‘…richer nations such as Scotland need to live up to their oft-repeated, much-vaunted proclamations in favour of global solidarity. So far, we’re not even talking about it in the pandemic.’
‘The outcome is indeed so vital for us all that the progress of the vaccination programme is the one topic that cannot be kicked into the long grass of some future Inquiry – and this knowledge must be shared as fully and as often as possible.’
‘A publicly run financial system investing in worker-owned firms would be a truly brave vision for Scotland’s economy – but do we have politicians who can see beyond the doom-laden horizons of Capitalist Realism?’ asks Ben Wray in a review of Varoufakis’s first foray into fiction.
‘Putting it bluntly, this kind of statistical amnesia will seem a little tawdry to anyone who invested belief and political capital in the First Minister’s approach.’ Our statistical expert ends the year of the pandemic as he began: savaging the misuse of data.
‘Women have no rights to organise separately. Women’s meetings on the subject of our own rights have been met with threats, intimidation, protests to the venues, smoke bombs, barrages of chanting and banging on windows and doors. “Liking” a Facebook post by feminist organisations such as For Women Scotland or Women’s Place UK, is accepted as grounds for investigation and disciplinary action by employers in both public and private sector.’
‘We end a year of sadness and sorrow with hope that 2021 will raise the overall level of ambition in Scotland, not just in terms of defeating the virus, but of paving the way for a society and economy that give the people a greater sense of belonging and sharing, that may act as a model beyond its borders, promote fairness and justice in international relations and help save the planet.’
‘Many in the Yes movement support independence because they believe it offers a path towards a more progressive future. But the vision outlined in the Growth Commission delivers the opposite: it is difficult to conceive of an economic settlement better designed to ensure that government policy serves the interests of international finance rather than its own citizens.’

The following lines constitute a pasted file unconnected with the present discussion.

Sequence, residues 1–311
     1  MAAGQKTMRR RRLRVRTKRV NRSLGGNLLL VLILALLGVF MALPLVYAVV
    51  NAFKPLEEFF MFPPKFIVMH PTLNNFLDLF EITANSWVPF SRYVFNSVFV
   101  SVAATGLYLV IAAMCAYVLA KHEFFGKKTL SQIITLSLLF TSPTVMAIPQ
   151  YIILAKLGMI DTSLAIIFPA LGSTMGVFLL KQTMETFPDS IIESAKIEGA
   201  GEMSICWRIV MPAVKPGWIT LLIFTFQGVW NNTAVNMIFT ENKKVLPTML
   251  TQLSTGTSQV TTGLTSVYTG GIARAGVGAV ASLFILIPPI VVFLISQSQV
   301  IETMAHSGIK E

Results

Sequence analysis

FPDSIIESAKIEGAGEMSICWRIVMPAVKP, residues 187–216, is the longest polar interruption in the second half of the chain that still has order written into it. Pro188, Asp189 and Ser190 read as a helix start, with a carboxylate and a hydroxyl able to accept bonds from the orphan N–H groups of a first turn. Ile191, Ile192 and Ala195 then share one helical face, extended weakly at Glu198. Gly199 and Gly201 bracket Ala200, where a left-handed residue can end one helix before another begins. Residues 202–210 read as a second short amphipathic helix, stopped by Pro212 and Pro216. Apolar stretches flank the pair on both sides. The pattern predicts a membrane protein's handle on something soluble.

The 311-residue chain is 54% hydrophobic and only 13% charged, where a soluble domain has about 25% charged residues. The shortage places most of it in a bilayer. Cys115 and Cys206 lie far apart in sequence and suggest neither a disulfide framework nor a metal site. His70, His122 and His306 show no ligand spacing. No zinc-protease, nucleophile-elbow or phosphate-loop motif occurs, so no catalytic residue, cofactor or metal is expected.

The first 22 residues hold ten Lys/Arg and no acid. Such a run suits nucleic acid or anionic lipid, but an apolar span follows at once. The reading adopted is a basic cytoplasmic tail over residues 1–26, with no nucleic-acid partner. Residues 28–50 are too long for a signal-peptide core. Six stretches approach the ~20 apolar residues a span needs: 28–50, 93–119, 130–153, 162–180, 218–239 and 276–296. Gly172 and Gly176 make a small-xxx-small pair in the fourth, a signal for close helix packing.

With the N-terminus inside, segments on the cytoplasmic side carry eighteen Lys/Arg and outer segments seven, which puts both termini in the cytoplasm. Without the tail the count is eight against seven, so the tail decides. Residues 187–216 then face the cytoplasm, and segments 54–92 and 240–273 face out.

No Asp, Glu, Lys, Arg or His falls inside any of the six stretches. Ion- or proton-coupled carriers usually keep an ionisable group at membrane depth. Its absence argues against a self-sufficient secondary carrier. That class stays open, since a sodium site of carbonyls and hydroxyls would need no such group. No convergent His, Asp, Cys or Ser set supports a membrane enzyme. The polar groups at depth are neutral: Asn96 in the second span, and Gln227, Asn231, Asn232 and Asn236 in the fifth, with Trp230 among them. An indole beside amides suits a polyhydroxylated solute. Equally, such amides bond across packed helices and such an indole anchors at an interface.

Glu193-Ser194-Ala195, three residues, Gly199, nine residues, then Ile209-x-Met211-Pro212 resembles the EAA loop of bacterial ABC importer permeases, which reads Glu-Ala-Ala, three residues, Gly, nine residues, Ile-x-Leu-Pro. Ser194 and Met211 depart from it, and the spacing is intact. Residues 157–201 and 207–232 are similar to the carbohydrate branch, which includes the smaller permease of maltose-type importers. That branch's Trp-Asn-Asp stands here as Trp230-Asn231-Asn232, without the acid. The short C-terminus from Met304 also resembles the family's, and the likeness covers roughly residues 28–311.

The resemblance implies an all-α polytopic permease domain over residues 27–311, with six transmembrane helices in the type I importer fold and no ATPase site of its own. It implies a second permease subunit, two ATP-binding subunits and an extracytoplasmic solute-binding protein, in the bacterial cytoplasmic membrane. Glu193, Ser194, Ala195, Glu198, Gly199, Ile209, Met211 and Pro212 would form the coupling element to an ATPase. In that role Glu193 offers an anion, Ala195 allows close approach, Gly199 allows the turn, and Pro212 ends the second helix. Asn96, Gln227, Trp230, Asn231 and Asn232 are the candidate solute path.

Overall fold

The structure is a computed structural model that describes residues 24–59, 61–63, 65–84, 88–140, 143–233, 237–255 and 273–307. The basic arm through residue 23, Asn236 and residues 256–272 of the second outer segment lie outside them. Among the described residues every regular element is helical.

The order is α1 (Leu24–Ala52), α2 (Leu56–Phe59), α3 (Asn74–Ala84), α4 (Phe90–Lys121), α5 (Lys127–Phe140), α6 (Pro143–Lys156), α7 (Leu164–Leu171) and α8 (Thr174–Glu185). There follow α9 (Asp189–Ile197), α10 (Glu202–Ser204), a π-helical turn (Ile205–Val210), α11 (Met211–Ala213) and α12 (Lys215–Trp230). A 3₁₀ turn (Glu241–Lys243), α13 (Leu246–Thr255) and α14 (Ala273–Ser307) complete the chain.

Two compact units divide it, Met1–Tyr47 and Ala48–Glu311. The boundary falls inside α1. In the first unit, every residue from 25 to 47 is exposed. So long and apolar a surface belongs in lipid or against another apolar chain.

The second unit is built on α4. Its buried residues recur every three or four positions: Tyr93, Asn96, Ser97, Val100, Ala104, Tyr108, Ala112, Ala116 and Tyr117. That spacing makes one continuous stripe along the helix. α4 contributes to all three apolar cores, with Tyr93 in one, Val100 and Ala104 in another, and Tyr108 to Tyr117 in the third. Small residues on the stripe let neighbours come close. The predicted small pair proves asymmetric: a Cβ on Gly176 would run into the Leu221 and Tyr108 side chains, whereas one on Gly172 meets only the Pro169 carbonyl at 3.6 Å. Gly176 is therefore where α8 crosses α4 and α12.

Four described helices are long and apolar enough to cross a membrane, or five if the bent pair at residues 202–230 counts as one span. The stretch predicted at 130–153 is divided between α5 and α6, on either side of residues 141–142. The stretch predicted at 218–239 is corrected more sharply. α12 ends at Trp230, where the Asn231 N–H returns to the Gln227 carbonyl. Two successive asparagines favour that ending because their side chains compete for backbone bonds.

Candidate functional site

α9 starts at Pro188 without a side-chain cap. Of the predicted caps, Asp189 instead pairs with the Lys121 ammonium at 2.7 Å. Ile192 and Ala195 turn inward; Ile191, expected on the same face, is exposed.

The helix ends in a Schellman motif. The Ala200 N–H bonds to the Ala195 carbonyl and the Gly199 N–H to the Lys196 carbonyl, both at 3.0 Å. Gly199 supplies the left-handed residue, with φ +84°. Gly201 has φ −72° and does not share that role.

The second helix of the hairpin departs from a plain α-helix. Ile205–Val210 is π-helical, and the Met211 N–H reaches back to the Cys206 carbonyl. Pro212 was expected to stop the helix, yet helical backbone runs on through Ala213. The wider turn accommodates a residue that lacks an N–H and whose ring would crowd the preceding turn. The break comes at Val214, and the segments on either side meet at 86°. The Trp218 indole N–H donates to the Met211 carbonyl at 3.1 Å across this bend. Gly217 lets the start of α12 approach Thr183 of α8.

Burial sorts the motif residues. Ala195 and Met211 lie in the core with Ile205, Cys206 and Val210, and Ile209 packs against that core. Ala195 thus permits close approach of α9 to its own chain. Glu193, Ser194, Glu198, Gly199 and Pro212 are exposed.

‘The draft constitution agreed by the Conference could then be part of the pledge on which the case for independence is made. If the people then vote for independence, the new Constitution could simply be adopted as a schedule to a future Scotland (Independence) Act passed by the UK Parliament.’
“The EU, of course, makes a mockery of sovereignty. It might be argued that Brexit is evidence of its enduring relevance. But what it really shows is the pernicious legacy of the myth. The UK is losing control of its affairs. The hope that a second Trump Administration would ensure a good trade deal with the US has been shattered but even had this happened it spoke of the UK as limited and accountable, more as the 51st state than having ‘taken back control’.”
‘The UK has, as Peter Hennessy has eloquently warned, a constitution that relies on the “good chaps theory of government”. That structure now looks incredibly vulnerable when faced with a prime minister and key advisers who reject the rules, lack self-restraint and engage in populist posturing. The result is sacrificial statecraft wrapped around a naive vision of populist technology. Ditch it now.’